Initially, the show tries to offset the anti-Christian threads of the final two seasons by having Ben Browder's character, Cam Mitchell, make reference to his Bible-thumping grandmother in an attempt to append a positive spin on Christianity to balance the Ori's satirical portrayal of organised religion as blindly destructive. This weak attempt at even-handedness rapidly falls by the wayside, and the show descends into an ever-greater cynicism about both Christianity in the specific and organised religion in general. There is a vague sense that as the show's writers' despair at the Bush presidency grows (an issue directly parodied in the episode The Road Not Taken), they blame the situation on the religious right the administration had manipulated to gain power. Thus the war in Iraq is interpretted as a religious war – a perspective that misrepresents the relationship between the Bible Belt and the United States armed forces.
Much of the shallow critique of Christianity occurs between Claudia Black's ex-Goa'uld host Vala Mal Doran – who takes over Richard Dean Anderson's role as comic relief in the later seasons and fulfills this role magnificently – and her Ori-worshipping husband Tomin. Vala and Tomin square off in debate after Tomin reads incessantly to her from the Book of Origin, with Vala accusing him of taking a bunch of stories about how to live well and using it as a justification for war and murder. The scene serves a narrative purpose – Tomin later witnesses a Prior blatantly distorting the meaning of one of the verses in the Book of Origin, causing him to question his faith – but it also reads as a clumsy attack on contemporary Christianity.
All of this flagrant nonsense comes to a head in the first DVD movie, The Ark of Truth, the title referring to an artefact built by the Ancients which can brainwash people into believing anything, provided it is true. Since the SG-1 team have already destroyed the Ori using another hokey plot device, Merlin's Sangraal weapon that nullifies ascended beings (which leads to a faintly amusing sequence of lines from Vala concerning whether or not these gods are dead, parodying Nietzsche's ‘death of God’), all they have to do is convince their followers that the Ori are not gods, which the Ark of Truth delivers on a platter. It makes for a rather anti-climatic conclusion to the Ori story arc, in which Julian Sand's Doci (the Ori high priest) breaks down in tears as he is indoctrinated in the ‘truth’ about his gods. Those with anti-religious tendencies may enjoy such a heavy-handed finale, but it plays as philosophically naïve and risks being quite insulting to a person of faith. (It is of course beyond the scope of a space opera like Stargate SG-1 to tackle the issue of what truth actually means in the context of a device that can brainwash people into believing ‘the truth’, but at least the moral implications of such an object are half-heartedly mentioned, even if they are eventually ignored).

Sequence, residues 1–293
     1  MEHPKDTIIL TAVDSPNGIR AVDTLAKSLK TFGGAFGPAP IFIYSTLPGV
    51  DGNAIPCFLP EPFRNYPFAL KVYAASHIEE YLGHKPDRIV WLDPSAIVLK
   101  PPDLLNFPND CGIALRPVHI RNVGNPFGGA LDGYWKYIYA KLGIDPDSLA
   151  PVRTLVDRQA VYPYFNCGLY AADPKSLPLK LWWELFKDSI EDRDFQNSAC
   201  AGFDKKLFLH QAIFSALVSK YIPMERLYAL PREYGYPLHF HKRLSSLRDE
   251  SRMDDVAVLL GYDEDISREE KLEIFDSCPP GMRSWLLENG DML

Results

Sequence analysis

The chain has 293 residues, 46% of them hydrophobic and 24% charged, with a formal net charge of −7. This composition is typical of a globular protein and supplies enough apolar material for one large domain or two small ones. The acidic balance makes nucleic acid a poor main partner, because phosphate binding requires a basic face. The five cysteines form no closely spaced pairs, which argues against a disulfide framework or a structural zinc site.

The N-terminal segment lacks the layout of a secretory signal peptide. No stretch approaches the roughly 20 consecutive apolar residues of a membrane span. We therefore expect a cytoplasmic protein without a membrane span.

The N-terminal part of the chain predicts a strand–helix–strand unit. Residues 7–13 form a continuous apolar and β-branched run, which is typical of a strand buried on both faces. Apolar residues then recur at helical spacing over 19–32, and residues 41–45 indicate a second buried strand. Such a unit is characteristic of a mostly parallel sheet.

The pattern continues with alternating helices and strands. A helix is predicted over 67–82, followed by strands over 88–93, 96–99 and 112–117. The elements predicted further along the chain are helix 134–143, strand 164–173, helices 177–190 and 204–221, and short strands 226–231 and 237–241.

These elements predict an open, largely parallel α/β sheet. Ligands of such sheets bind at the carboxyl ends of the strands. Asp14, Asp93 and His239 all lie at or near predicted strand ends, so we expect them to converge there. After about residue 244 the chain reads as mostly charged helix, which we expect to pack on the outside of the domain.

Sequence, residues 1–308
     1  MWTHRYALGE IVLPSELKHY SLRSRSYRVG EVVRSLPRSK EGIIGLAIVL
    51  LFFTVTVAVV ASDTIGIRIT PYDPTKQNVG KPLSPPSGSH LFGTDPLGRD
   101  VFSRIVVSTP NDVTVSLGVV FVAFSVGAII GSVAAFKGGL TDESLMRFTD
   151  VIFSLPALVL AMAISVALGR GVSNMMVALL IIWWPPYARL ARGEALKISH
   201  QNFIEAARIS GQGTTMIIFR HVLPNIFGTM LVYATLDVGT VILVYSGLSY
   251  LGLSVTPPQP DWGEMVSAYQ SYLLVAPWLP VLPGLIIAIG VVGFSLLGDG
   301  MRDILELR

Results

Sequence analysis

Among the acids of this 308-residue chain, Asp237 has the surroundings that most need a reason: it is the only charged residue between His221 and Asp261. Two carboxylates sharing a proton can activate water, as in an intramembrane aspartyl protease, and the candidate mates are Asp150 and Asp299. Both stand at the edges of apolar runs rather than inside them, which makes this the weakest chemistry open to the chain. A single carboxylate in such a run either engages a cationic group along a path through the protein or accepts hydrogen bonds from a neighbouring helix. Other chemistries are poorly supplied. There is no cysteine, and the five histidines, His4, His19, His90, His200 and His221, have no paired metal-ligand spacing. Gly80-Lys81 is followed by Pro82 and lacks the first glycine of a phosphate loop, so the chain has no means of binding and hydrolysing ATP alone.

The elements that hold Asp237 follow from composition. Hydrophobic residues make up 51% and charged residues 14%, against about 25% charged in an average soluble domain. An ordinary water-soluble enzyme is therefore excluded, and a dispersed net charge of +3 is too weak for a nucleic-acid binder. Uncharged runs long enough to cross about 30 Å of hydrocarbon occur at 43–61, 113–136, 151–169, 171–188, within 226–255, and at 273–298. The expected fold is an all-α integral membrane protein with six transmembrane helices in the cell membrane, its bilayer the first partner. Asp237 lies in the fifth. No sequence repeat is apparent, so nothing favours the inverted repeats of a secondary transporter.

Ultimately, none of this really matters. The beauty of Stargate SG-1 lies in its capacity to collide universe-saving, just-in-time rescues, with wisecracking heroes and over-the-top silly nonsense, and despite the early episodes' rather po-faced attempt at ‘serious’ science fiction stories, the show hits its stride as soon as it finds how to be ridiculous and melodramatic in equal measure. It's possible that the puerile critique of Christianity in the final seasons did alienate some fans of the show, but it's equally possible that the change in cast, or the previously mentioned technological shifts (including the increase of file sharing piracy) were a greater factor. Whatever the reason, ratings fell from 2.6 million in late 2005 at the start of season nine, to 2.1 million in 2006 – a rather marginal loss, but sufficient for the Sci Fi channel to pull the plug, handing the reins of the franchise over to spin-off show, Stargate Atlantis, which was cancelled three years later after hitting 100 episodes. A new show, Stargate Universe, begins airing this autumn, taking up the torch of a franchise that has enjoyed success on a scale no-one ever expected.
Next week: Star Trek
Visit the Religion in Science Fiction page for links to all nine parts.